Fans leave kisses and lipstick comments at the entrance gate to the former home of British singer Amy Winehouse in north London, on July 23, 2021 to mark the 10th anniversary of her death. Tolga Akmen / AFP.

LONDON (AFP).- Fans remembered British singer Amy Winehouse on Friday, paying tribute outside her former home in the London borough of Camden on the 10th anniversary of her death. Well-wishers made the pilgrimage to the north London property and created a shrine replete with messages, flowers, balloons and pictures as Winehouse's songs played in the background. "I'll never grow tired of listening to her music," said pensioner Alan Trivette, 66, who was wearing a shirt emblazoned with Winehouse's face and the words "Queen of Camden". "She's the most talented singer-songwriter of her generation. Every time I hear her voice, it sends a tingle down my spine," he said. Followers also paid their respects at a nearby bronze statue of Winehouse, with a red rose placed at its feet in the soul singer's trademark beehive hair style to mark the anniversary of her death at her Camden home in 2011. The star's untimely death from alcohol poisoning ... More



Meadows Museum announces appointment of two curatorial fellows   Maureen Paley opens a solo exhibition of works by Sarah Jones   Belvedere 21 presents 'Lois Weinberger: Basics'


Miranda Saylor. Photo by Durston Saylor.

DALLAS, TX.- Today the Meadows Museum, SMU, announced its 2021 curatorial fellowship appointments. Clarisse Fava-Piz, who will begin her term with a doctorate in art history from the University of Pittsburgh, specializes in 19th-century European art and will serve as the Mellon Curatorial Fellow for a period of two years. Miranda Saylor, a doctoral candidate at UCLA who has focused her research on early modern Spain, will join the institution for a one-year term as the Center for Spain in America (CSA) Curatorial Fellow. The two scholars begin their terms in September 2021. The fellowships provide scholars at different stages of their careers with the opportunity to develop new scholarship in Spanish art and gain invaluable professional experience in the Meadows Museum’s curatorial department. Fellows are selected through a multitiered review process led by the museum’s director and leadership from the curatorial and education ... More
 

Sarah Jones, Mimosa (Actor) (I), 2021. Framed c-type print mounted on aluminium, 152 x 122 cm © Sarah Jones, courtesy Maureen Paley, London.

LONDON.- Maureen Paley is presenting the sixth solo exhibition by Sarah Jones and her first in the gallery’s new location at 60 Three Colts Lane. The new work by Sarah Jones builds upon her distinct photographic language that dissolves the hazy glare of day into the weight of a photographic night, condensing a recognizable sense of location with the photographer’s studio. Her subjects and objects are chosen as much for their illusionary surfaces as for their metaphysical and metaphorical potential. The imagery in her latest work references Cocteau’s 1930 film Le Sang d’un Poète (The Blood of a Poet), the first film in his Orphic trilogy, in which the artist-protagonist enters a parallel dreamscape of hallucinogenic allegories hidden behind doors, screens and windows, or found in fluid mirrors. By merging three-dimensionality and transparency into the two- ... More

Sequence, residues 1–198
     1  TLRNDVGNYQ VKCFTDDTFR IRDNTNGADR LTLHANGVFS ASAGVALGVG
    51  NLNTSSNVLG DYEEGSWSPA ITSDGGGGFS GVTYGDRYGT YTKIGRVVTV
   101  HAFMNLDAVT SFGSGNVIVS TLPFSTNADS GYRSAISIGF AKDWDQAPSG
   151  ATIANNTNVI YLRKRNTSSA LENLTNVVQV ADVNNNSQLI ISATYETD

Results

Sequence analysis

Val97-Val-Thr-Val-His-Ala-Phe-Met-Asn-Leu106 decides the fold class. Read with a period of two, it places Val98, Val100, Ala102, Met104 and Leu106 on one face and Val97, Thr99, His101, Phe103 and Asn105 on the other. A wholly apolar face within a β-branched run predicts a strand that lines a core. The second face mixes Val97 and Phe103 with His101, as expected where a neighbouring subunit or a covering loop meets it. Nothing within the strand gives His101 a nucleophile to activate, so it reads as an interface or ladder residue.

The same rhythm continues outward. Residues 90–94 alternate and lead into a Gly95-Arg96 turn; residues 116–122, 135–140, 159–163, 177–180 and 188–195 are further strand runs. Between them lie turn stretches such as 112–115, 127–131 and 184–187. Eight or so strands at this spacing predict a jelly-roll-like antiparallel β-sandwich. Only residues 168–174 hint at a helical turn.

Lois Weinberger, Sculpture La Gomera, 2020. Photo: Johannes Stoll / Belvedere, Vienna. Courtesy Studio Lois Weinberger and Galerie Krinzinger, Vienna.

VIENNA.- Lois Weinberger was a pioneer of a different, artistic ecology. Describing his artistic practice as poetic field work, he emerged in the 1990s as a leading voice in the discourse around the relationship between nature and culture. In Basics, the Belvedere 21 presents the last exhibition for which Weinberger compiled a selection of works and writings until shortly before his unexpected death in April 2020. Over one hundred works created between the 1970s and 2020 are on display inside the Belvedere 21 and on the museum’s grounds. Lois Weinberger (1947, Stams/Tyrol–2020, Vienna) was an early and visionary critic of the dislocations of the Anthropocene—the era defined by humanity’s profound impact on Earth. His oeuvre grapples with existential questions concerning the relationship between humans and their world: What constitutes our being? ... More




More News
Rare Campaign sofa comes up for auction at Bellmans
WISBOROUGH GREEN.- Campaign furniture has had a revival, but it is usually the chest of drawers that come up for auction. Bellmans is now offering a rare Campaign sofa in its forthcoming auction on Wednesday, 4th August during its August auction week running from the 3rd to 6th of August, which carries an estimate of £1,500 - £2,500. This campaign or metamorphic sofa has been associated with the work of Morgan & Sanders (1801-1820), who alongside Thomas Butler and William Pocock were the leading proponents of ‘patent’ furniture in the Regency era. The designs of which enabled the elite army and navy officers to travel in relative luxury. This sofa was by repute acquired from The Kepples Head Hotel, Portsmouth, where it was recorded in the 19th Century hotel inventory. The hotel is only 100 yards from the main naval base gate ... More